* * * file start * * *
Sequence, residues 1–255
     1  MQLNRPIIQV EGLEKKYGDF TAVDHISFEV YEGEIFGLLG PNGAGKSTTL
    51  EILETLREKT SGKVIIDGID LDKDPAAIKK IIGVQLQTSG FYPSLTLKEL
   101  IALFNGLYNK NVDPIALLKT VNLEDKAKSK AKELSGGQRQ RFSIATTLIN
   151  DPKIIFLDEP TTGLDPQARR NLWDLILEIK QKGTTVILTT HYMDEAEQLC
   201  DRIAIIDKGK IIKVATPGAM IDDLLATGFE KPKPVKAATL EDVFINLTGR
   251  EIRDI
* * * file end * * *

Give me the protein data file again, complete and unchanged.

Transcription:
Sequence, residues 1–255
     1  MQLNRPIIQV EGLEKKYGDF TAVDHISFEV YEGEIFGLLG PNGAGKSTTL
    51  EILETLREKT SGKVIIDGID LDKDPAAIKK IIGVQLQTSG FYPSLTLKEL
   101  IALFNGLYNK NVDPIALLKT VNLEDKAKSK AKELSGGQRQ RFSIATTLIN
   151  DPKIIFLDEP TTGLDPQARR NLWDLILEIK QKGTTVILTT HYMDEAEQLC
   201  DRIAIIDKGK IIKVATPGAM IDDLLATGFE KPKPVKAATL EDVFINLTGR
   251  EIRDI